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It is easy these days to see goblins behind every fence post, or question the motives of big business, however the recently announced donation by the Irving corporation of one million dollars to the Queen Elizabeth Hospital raises some troubling questions.

The Irving family certainly is no stranger to endowing and financially assisting public institutions. When I was a graduate student at the University of New Brunswick, my study room was located on the top floor of the Harriet Irving Library, an impressive building named after the wife of legendary industrialist KC Irving, and made possible by a generous financial contribution to the university.

As most Atlantic Canadians know, the Irving empire headquartered in Saint John, New Brunswick, owns and controls vast natural resources in that province, and its economic power has led to immense political influence, regardless of the party holding office. A free press and liberal democracy are handmaidens, and yet the Irving family continues to exercise monopoly control over the province’s English language newspapers. It has been that way in New Brunswick for over 50 years.

Until the advent of Cavendish Farms in 1980, Prince Edward Islanders were unfamiliar with this kind of political pressure from big business. Local construction companies lobbied for contracts. Tourist operators and other small businesses scrambled for access to low interest government loans. But the players and the stakes were comparatively small.

That changed once the Irving industrial giant got a foothold in the province in the 1990s, eventually taking control of the Island potato industry, and creating a large and industrial workforce at its processing plant in New Annan. As a result, the Irving family and Cavendish Farms have a powerful influence over the decisions and policies of the provincial government, especially as they pertain to agriculture, land and the environment.

It is my experience that Island premiers are very accessible people. If time permits they will meet with just about anyone. But the premier’s office door is always open to Robert Irving and his sister Mary-Jean. They carry a big stick and to ignore their requests and complaints can be perilous for a government dependent upon their economic contributions.

That naked corporate power was apparent in June, 2014 when Cavendish Farms President Robert Irving and his then vice president of Agricultural Affairs, Blaine MacPherson, met with a provincial legislative committee to put forward their case for lifting the moratorium on deep water wells.

The PEI Potato Board, undoubtedly under the direction of Cavendish Farms, had made a similar request two years earlier and now the big stick was being waved. The Guardian newspaper at the time called the Irving presentation to the legislative committee an “ultimatum”, and certainly it left nothing to doubt. If the province refused to lift the deep well irrigation moratorium, Cavendish Farms would be forced to downsize its operations.

Government is now in the final stages of bringing forward a new Water Act, to better “protect the quantity and quality” of the Island’s water and ensure our water supply is “healthy and sustainable” into the future. This could be an historic environmental turning point for Prince Edward Island, one that asserts the fundamental right of citizens to an essential, vulnerable resource.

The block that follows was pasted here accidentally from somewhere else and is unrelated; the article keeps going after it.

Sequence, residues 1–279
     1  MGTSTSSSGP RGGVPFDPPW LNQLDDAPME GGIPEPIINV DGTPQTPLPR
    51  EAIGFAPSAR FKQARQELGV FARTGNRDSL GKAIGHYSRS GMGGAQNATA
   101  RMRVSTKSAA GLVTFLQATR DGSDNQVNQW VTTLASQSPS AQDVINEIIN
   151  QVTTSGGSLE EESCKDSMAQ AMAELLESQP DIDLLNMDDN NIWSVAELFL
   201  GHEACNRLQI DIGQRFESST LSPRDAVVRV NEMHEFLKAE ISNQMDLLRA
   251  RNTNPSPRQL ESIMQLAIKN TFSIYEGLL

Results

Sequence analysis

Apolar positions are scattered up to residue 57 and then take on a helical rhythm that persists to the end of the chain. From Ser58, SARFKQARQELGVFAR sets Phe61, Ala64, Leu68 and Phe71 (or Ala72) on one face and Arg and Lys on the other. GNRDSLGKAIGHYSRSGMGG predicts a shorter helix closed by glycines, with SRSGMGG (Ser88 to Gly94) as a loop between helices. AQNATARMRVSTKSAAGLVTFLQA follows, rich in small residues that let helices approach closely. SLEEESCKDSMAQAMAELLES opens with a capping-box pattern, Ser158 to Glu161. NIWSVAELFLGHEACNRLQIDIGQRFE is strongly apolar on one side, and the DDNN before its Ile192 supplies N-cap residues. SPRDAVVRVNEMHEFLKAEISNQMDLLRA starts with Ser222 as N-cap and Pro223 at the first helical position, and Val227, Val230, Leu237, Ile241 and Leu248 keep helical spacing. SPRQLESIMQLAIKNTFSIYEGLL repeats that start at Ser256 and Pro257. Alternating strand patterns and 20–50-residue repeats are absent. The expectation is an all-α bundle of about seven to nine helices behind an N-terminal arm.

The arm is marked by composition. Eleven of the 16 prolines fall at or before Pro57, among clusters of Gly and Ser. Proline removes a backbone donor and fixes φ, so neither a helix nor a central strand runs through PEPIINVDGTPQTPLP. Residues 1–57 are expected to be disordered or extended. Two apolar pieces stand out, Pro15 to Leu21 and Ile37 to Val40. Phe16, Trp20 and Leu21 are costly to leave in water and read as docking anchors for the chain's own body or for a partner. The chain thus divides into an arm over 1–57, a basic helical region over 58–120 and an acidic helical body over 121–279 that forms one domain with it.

During the consultation stage last fall, the PEI Potato Board called for “equitable access” to water. That’s code for selectively allowing more irrigation from deep water wells in agricultural areas throughout the province. It is a monumental battle with environmental groups and most ordinary citizens on one side and potato growers and the processing industry on the other side.

That is why the one million dollar gift by Robert Irving to the Queen Elizabeth Hospital must be viewed as something other than selfless philanthropy, and why our premier and his government must retain a spotless heart when making decision about our water resources.

Leo Broderick of the Council of Canadians has questioned whether corporations should be making sizeable donations to publicly-funded institutions like the QEH, and I believe he raises a valid issue.

There is a very small and tight circle of economic and political power in our little province and it is always interesting to connect the dots.

In this dead serious drama around water, potatoes and government decision making, I will remind readers that Blaine MacPherson until recently was Robert Irving’s right hand man. Mr MacPherson now helps direct the affairs of Health PEI, which operates the QEH. Meanwhile, the past chair of the QEH Foundation is a Charlottetown lawyer who is also a close advisor to Premier MacLauchlan. Coincidentally, his law firm represents Irving business interests on the Island.

While not imputing dubious motives or impropriety to any of these associations, it is important to know they exist. Islanders can only hope the recent Irving donation to the QEH does not have strings attached and is not a cynical attempt to grease the skids for an eventual lifting of the moratorium on deep water wells.

A former Minister of Agriculture once told me that water is Prince Edward Island’s oil, presumably meant to be exploited, traded, and used like any other commodity.

That is a false and dangerous philosophy, one which I believe potentially threatens access to healthy, uncontaminated water by Island families and communities.

All Islanders can only hope that when Premier MacLauchlan and his Cabinet sit down to make water decisions, continuing to grow the Irving corporate giant’s industrial bean stock isn’t their first concern.

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